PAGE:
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Should you encourage a fitness conditioning program for your teen?

Jen Klein is a New England-based technical writer and mother of three. When she isn't asking her kids to stop bickering, "caramelizing" the dinner or actively ignoring the dust bunnies under the couch, she enjoys knitting, gardening, pho...

Building skills, preventing injury

You have an athletic teen -- but she seems to be prone to injury. You have a son who is on the edge of coordination and klutz. Which way will he trend? You understand how important fitness and exercise is to a healthy lifestyle and you want to promote regular physical activity in your child, but you seem to have some special circumstances. You might want to consider getting your child into a formal conditioning routine to strengthen his or her core and increase overall athleticism.

teens-doing-situps

Tremendous advances in the science and understanding of physical activity and fitness have been made in the last several decades. We have a continually better understanding of how the body works, and how parts of the body work together for a stronger whole. Fitness isn't just the ability to run a mile! Exercise is more than laps! Conditioning programs can help you and your child take advantage of this increasing knowledge, helping your child to become stronger and a better athlete. Should you find one for your child?

What's the point?

A conditioning program isn't just cardio or resistance or stretching -- it's a combination of types of exercise meant to strengthen core muscle groups and increase overall fitness. Careful conditioning can help prevent injuries as well. If, for example, your daughter is very tall and skinny, she may not have sufficient musculature to support some agility moves required in her varsity soccer team, thus making her more susceptible to injuries such as avulsion fractures. Your son seems to be clumsy but wants oh so badly to be more physically active and coordinated. An appropriate conditioning program likely can help.

>> Learn how to prevent sports-related injuries in children

Professional consultation

Before starting any conditioning program, you and your child should seek professional consultation about what kind of program would be best considering the sports and activities your child wants to participate in. General conditioning is great, of course, but there could be a program out there that not only supports that general conditioning, but also helps improve some specific muscle groups for your child's sport of choice and improves overall coordination.

>> Learn about overuse injuries in kids

Start with your child's pediatrician to make sure your child is cleared for a serious conditioning program. The pediatrician can also refer you to good sports medicine doctors with pediatric focus and to physical therapists. A referral to a physical therapist for a single evaluation visit, for example, can help you and your child identify the weakest muscle groups that might need to most attention. After that credentialed trainers can help you and your child develop the program that will best suit need, especially considering your child's still growing body.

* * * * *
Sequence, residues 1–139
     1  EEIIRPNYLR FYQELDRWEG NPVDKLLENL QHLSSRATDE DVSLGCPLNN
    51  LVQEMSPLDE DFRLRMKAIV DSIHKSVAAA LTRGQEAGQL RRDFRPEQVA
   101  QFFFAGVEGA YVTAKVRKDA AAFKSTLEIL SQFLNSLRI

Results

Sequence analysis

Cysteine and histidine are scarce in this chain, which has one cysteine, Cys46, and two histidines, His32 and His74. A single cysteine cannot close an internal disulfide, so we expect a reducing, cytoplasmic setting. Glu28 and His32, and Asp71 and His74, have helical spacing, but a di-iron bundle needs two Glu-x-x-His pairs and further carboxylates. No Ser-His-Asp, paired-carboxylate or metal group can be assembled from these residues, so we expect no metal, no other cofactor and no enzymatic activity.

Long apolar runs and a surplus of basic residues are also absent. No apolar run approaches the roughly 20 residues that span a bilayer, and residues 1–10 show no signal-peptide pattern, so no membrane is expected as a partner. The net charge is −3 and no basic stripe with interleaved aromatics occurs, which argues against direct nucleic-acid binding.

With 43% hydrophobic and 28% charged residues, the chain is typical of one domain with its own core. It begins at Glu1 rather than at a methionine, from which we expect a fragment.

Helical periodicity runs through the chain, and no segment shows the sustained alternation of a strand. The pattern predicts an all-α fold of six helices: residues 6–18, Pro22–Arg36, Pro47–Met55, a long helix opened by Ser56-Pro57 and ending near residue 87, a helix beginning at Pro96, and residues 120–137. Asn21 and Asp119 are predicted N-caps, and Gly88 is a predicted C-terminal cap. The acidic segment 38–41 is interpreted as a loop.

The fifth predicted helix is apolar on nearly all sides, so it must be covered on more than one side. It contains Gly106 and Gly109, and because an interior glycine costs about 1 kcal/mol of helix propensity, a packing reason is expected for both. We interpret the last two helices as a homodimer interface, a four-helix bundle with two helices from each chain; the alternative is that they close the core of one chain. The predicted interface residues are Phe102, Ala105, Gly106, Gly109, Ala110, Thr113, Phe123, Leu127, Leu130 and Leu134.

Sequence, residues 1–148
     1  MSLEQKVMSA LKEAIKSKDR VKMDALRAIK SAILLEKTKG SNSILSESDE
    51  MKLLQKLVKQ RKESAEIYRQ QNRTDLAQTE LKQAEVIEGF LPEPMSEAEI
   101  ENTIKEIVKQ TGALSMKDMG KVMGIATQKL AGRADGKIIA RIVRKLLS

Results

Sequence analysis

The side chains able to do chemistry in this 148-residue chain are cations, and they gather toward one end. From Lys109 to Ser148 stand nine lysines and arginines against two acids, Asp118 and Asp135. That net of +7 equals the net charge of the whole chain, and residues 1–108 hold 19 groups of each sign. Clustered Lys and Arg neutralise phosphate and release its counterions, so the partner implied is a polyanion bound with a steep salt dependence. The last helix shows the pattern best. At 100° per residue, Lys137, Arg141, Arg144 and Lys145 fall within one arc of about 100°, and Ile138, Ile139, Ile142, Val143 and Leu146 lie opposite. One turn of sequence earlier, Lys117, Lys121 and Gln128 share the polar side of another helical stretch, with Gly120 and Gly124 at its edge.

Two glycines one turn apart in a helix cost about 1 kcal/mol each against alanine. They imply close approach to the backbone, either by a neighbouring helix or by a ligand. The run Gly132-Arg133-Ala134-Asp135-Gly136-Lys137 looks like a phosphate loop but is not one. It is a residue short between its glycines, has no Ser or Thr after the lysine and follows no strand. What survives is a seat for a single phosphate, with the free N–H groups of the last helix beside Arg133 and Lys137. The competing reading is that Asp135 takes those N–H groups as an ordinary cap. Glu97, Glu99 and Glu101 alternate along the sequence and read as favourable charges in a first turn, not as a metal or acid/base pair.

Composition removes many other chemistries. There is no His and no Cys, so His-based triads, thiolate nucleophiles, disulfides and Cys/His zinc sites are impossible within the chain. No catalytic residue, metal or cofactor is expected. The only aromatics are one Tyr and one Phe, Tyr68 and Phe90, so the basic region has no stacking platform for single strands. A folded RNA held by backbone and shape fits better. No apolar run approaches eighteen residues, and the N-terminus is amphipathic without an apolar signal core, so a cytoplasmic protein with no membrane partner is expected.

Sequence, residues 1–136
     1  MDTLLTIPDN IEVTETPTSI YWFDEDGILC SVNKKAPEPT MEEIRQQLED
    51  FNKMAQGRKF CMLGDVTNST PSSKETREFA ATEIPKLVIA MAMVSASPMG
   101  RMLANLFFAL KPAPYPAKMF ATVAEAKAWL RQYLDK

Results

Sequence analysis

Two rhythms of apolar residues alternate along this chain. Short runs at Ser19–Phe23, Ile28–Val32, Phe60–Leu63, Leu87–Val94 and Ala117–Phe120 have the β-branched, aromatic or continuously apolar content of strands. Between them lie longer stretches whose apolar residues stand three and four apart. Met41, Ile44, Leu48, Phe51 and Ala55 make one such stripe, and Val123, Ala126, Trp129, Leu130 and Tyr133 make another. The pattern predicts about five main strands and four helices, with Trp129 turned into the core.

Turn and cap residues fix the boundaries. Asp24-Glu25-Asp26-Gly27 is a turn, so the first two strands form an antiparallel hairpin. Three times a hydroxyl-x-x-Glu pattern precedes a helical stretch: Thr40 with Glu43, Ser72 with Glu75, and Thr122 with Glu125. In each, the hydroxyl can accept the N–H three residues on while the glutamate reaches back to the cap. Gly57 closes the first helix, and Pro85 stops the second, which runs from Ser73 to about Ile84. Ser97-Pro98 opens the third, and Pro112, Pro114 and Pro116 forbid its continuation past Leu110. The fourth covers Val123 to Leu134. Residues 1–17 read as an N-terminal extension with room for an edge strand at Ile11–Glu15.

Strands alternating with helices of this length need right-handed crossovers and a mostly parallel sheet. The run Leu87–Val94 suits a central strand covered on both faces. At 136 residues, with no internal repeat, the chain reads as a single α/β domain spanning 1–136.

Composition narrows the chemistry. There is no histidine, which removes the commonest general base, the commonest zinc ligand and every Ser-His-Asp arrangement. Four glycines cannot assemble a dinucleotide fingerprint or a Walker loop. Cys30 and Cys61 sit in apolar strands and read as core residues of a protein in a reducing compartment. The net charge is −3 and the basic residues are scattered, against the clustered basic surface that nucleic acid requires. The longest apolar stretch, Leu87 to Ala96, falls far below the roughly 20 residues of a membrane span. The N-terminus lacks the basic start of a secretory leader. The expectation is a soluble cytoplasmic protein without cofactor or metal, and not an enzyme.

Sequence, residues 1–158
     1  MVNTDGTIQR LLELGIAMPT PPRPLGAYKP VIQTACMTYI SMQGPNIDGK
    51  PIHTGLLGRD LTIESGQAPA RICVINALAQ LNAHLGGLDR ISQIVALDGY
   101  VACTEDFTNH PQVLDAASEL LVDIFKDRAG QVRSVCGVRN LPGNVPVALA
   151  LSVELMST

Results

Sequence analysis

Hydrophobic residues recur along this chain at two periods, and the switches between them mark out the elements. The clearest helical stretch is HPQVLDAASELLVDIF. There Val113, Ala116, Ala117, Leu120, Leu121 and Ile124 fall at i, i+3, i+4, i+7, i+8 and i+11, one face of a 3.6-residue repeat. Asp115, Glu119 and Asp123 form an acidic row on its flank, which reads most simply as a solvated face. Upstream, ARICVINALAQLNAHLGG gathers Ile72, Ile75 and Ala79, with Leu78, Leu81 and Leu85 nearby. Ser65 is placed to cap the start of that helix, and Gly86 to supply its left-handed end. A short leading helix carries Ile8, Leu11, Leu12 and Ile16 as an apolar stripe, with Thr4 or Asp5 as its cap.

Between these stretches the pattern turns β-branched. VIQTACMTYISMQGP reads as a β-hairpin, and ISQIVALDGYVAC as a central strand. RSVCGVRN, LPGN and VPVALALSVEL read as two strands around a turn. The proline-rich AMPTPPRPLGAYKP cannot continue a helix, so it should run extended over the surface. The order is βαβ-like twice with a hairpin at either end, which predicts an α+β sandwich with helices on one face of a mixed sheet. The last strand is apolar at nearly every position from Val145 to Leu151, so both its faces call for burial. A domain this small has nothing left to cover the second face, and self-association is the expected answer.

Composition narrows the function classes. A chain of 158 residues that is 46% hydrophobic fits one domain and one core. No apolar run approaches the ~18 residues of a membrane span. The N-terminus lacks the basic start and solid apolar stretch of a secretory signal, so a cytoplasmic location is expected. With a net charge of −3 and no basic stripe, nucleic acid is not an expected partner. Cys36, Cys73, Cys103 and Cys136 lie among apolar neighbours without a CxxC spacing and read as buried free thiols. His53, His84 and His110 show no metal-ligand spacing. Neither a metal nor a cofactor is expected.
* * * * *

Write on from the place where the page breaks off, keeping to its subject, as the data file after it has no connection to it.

Motivation and incentives

Saying you are going to get your child into a conditioning program -- and your child insisting he or she is going to do it -- is the easy part. Actually doing it…well, just like adults sometimes, intent and motivation are just not the same for our kids. Our schedules are busy enough without adding one more thing! You may need to get creative with motivation and incentives to help keep your child on the conditioning program, particularly if the program is primarily done at home or during the first few weeks of the program. You may need to develop some incentive for yourself to keep up the driving to the gym, too! Consider the kind of incentives and motivation that work best for your child and negotiate appropriate reward for commitment.

Partnering with your child

After all this effort to get a conditioning program going for your child, you may be inspired to do it right along side him or her. Go for it! Yes, your teen may be a little embarrassed at first, but you can encourage each other -- or at least be the incentive to keep at it when you can do more pullups than your child.

Conditioning programs aren't just for elite athletes. They can help all of us be fitter and stronger and less prone to injury. Helping your child understand the role of appropriate conditioning as a part of fitness can help your child be stronger and healthier for life.

More on kids and exercise

How much is too much exercise for a child
Is yoga right for your child?
Best exercise games for healthy kids


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